I started this post a few weeks ago after submitting my last final of the spring semester. I couldn’t finish it because (a) my brain was absolutely dead, and (b) I wasn’t quite sure where to go with it.
I’m ready to reflect now, and what I really want to do is map out my biggest take-aways from this year, whether those were lessons learned in class, reporting, or personal lessons. I also want to acknowledge someone whose bluntness and guidance helped to mold me into the student that I am today: Professor Pat Thomas.
Pat helped me to get two assistantships, made me a lot more comfortable taking criticism in regard to my writing, and taught me how to work around those brick walls that we’re bound to run into as journalists.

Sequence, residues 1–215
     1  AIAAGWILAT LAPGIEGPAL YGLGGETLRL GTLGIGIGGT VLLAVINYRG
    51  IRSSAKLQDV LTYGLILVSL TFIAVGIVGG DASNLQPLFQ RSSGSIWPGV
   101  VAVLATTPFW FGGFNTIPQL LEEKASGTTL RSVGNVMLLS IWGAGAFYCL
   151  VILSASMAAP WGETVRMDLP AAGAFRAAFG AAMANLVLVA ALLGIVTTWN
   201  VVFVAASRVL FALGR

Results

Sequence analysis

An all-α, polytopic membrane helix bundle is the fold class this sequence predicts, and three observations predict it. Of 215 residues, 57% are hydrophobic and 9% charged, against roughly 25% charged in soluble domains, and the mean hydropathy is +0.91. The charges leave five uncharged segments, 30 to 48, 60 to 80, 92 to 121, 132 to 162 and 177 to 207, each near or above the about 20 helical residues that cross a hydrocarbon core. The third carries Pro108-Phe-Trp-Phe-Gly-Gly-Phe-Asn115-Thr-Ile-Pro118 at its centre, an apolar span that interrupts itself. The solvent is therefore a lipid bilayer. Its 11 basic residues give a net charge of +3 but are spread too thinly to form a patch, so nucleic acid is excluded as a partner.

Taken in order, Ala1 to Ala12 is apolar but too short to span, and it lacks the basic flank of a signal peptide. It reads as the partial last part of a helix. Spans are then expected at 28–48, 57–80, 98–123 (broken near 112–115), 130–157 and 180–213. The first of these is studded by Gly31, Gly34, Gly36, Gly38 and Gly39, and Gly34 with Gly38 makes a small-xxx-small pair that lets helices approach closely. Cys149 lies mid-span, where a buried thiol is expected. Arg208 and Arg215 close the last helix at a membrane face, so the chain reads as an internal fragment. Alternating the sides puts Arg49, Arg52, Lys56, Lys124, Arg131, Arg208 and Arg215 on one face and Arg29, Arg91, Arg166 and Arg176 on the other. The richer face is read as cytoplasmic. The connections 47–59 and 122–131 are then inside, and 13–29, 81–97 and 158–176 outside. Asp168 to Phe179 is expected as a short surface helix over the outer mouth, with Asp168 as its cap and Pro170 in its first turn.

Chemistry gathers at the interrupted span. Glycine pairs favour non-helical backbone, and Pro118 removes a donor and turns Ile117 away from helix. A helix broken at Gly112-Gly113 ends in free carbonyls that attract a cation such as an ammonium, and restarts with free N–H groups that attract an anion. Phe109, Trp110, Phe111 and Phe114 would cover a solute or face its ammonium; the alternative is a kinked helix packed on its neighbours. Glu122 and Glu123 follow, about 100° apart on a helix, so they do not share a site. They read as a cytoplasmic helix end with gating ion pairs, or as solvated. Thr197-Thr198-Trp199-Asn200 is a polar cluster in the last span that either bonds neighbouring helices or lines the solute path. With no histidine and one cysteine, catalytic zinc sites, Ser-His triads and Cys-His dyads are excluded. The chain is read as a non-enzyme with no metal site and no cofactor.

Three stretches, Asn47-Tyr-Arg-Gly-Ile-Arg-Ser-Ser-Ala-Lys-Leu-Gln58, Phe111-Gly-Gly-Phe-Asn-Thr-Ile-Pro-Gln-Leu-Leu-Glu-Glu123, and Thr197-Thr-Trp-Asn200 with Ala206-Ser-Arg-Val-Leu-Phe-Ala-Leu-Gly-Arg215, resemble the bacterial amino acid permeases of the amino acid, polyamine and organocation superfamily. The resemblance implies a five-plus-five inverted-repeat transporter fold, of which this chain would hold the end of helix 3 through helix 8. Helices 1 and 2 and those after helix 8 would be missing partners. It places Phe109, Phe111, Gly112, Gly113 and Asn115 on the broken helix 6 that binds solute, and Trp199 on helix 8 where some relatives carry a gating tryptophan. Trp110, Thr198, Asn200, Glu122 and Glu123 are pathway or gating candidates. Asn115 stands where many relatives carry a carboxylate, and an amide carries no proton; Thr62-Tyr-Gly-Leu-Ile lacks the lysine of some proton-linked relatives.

She’s tough, she’s blunt, and she’s going to let you know when your work isn’t up to par.
I’m not going to lie. I cried many times during the fall and spring semesters. I was overwhelmed by the workload for both Graduate Newsroom and Health and Medical Journalism. However, I emerged a much stronger writer. These are just a few things I learned during these trying times.
Thinking outside the box
I’ve learned to think differently when I need information, especially on deadline.
When we went on a reporting trip to Northwest Georgia, I really needed to interview a woman who once stayed in the hospital I was writing about. She said she couldn’t meet me before our trip ended, and I thought I’d have to do a phone interview. I didn’t want to because a story of that nature needs video or photos to be more effective. Pat always tells us that people make great stories, and I wanted to tell hers in the most effective way possible.